About the Cannock Extension Canal
The Cannock Extension Canal was probably the last significant narrow canal built in the UK and was completed in 1863. The 5.6mile (9km) canal linked the Cannock Collieries to the Birmingham Canals network at Pelsall Junction. It was all level with the exception of a branch from Rumer Hill Junction which linked to the Hatherton Canal at Churchbridge with 13 locks. This also gave a link to the Staffordshire & Worcester Canal at Hatherton Junction near Calf Heath. The remains of the Hatherton Canal as it is now known; are preserved with a new line proposed for the eventual restoration of this lost link into the Northern Birmingham Canal Navigations.
In later years, coal was often carried in trains of day boats or ‘Joeys’ towed by a powerful tug, especially on this section of the long Wolverhampton level. The Cannock Extension Canal became known for the ‘Black Country Tide’, a small wave produced by the simultaneous movement of these ‘trains’ converging on Pelsall Junction from east and west and turning up the Extension. It suffered from mining subsidence with part of the canal dropping a dramatic 21ft (6.4m) in 1960. The northern part of the canal beyond Watling Street (A5) was officially abandoned in 1963 with many old wooden day boats being dumped before the canal was severed by the dropping of the road crossing.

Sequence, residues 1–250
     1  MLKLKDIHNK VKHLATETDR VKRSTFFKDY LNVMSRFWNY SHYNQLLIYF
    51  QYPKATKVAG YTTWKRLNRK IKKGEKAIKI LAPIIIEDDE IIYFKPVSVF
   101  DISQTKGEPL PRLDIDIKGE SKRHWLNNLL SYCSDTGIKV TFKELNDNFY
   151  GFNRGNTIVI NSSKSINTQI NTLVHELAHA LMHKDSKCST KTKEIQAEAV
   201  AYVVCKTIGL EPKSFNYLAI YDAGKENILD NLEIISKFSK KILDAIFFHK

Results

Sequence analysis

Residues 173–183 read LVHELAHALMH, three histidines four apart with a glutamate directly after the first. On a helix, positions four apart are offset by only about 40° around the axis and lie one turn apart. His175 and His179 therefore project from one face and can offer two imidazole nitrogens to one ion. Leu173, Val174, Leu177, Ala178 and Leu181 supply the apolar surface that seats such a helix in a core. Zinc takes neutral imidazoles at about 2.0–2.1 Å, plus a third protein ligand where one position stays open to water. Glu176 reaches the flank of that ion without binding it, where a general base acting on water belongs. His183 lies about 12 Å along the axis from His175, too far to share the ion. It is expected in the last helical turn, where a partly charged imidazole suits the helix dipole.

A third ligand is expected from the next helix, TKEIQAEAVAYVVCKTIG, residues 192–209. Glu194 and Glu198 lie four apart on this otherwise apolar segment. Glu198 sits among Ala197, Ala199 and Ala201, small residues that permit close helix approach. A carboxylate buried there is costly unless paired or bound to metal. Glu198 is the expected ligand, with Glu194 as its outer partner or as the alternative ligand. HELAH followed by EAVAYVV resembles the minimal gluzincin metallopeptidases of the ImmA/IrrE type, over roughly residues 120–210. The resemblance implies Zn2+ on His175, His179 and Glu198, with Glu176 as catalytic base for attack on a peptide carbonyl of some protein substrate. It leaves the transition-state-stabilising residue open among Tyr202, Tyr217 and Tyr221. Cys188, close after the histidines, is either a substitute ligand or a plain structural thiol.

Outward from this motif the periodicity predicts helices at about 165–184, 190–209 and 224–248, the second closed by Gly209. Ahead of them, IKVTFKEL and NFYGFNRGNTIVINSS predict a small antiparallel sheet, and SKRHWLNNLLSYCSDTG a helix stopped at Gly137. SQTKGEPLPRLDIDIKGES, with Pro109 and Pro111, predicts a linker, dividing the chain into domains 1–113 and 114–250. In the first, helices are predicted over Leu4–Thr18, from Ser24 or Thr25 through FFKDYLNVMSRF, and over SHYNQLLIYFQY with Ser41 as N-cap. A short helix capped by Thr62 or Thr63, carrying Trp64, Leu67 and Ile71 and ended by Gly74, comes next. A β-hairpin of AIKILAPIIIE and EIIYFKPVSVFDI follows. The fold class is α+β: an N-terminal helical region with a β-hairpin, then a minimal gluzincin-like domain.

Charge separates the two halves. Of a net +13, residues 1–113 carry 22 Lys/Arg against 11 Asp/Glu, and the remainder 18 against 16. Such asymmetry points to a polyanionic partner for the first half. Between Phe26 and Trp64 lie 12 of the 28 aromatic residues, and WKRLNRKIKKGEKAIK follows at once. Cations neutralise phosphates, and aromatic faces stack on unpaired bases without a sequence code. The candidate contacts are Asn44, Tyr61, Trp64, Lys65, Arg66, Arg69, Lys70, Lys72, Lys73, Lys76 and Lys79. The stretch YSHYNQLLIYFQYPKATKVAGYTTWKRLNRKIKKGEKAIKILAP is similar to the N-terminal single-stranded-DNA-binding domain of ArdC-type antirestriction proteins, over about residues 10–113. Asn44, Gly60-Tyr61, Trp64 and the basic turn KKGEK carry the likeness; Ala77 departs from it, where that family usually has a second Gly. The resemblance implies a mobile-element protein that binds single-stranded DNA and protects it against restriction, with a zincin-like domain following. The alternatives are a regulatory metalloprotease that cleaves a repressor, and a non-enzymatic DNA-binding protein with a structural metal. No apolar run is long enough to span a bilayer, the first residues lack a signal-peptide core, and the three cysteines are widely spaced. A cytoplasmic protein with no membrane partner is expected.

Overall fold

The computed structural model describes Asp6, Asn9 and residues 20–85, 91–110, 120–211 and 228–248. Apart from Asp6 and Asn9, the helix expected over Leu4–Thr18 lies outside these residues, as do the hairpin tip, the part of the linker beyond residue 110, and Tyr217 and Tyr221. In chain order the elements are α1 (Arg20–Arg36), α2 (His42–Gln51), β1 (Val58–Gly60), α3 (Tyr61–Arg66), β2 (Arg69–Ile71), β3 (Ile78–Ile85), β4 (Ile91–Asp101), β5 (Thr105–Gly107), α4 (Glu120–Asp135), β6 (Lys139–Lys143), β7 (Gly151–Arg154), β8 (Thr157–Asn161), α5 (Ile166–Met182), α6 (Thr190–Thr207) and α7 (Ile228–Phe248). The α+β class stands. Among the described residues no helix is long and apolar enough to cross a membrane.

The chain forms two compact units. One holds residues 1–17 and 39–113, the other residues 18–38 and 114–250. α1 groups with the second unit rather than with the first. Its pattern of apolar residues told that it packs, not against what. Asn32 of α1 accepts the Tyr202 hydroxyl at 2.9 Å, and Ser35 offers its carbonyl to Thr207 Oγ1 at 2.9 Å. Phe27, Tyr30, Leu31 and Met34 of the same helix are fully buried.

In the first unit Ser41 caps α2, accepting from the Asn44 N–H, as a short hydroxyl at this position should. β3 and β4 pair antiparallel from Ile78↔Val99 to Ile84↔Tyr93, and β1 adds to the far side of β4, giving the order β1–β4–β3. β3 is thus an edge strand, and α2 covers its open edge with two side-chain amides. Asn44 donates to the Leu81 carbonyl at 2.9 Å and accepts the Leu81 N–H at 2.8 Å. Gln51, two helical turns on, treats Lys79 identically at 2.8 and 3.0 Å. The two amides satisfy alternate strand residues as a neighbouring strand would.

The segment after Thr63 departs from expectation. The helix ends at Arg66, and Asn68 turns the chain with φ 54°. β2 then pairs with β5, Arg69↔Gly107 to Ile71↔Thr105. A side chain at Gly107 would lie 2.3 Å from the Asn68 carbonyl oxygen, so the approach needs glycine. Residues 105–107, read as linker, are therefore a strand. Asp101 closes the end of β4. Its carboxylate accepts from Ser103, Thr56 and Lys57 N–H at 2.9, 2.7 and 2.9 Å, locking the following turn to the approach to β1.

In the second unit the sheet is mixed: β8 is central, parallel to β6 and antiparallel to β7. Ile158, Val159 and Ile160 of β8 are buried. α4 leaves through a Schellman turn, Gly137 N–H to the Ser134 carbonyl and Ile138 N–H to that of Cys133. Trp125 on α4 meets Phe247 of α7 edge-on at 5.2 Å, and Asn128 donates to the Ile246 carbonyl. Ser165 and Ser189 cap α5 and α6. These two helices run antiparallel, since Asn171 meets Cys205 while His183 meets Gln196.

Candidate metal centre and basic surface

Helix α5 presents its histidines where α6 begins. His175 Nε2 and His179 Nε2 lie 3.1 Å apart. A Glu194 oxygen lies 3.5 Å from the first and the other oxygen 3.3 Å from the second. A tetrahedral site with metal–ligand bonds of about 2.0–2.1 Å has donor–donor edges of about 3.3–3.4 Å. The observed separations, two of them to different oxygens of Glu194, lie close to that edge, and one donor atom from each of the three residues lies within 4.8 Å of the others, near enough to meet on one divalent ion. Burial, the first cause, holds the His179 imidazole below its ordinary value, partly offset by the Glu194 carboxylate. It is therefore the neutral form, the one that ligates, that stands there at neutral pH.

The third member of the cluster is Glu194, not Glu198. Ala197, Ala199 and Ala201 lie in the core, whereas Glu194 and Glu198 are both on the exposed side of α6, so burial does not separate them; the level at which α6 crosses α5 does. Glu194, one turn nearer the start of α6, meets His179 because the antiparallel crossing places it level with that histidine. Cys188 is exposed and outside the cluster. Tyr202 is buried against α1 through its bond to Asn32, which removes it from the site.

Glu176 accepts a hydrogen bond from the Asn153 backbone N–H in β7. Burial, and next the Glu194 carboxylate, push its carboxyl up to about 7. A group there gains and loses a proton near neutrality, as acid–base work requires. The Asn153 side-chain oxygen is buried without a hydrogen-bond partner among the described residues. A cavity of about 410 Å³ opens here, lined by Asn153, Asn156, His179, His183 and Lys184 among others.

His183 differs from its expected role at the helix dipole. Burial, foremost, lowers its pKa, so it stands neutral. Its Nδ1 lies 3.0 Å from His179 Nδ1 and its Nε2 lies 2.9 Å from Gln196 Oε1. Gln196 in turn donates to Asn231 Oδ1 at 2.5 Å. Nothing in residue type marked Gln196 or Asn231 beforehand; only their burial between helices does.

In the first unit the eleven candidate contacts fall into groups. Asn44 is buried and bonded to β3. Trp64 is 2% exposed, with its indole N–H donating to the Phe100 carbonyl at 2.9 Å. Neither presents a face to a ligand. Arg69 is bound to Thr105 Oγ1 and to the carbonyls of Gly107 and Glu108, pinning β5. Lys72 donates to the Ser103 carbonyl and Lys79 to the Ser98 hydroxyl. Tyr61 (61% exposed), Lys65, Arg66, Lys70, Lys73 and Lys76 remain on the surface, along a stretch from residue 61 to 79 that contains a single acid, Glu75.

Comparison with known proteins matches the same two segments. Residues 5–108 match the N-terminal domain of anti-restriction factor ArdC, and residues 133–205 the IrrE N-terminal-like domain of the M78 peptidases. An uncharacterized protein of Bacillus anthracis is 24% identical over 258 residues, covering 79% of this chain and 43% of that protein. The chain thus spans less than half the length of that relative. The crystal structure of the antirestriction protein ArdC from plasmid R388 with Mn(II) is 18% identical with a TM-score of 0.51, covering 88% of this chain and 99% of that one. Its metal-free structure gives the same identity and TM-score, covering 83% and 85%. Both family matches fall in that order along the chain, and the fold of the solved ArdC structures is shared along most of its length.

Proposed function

From Pelsall Junction, the canal now runs for 1.8 miles to Norton Canes dock. Being straight it provides a contrast to the curly Wyrley and Essington Canal. It has been designated a Site of Special Scientific Interest since it is home to one of the country’s largest populations of the protected Floating Water Plantain.
[Photo: Historic boats on the Cannock Extension Canal by Pelsall Junction at an IWA gathering – by Angela Acott]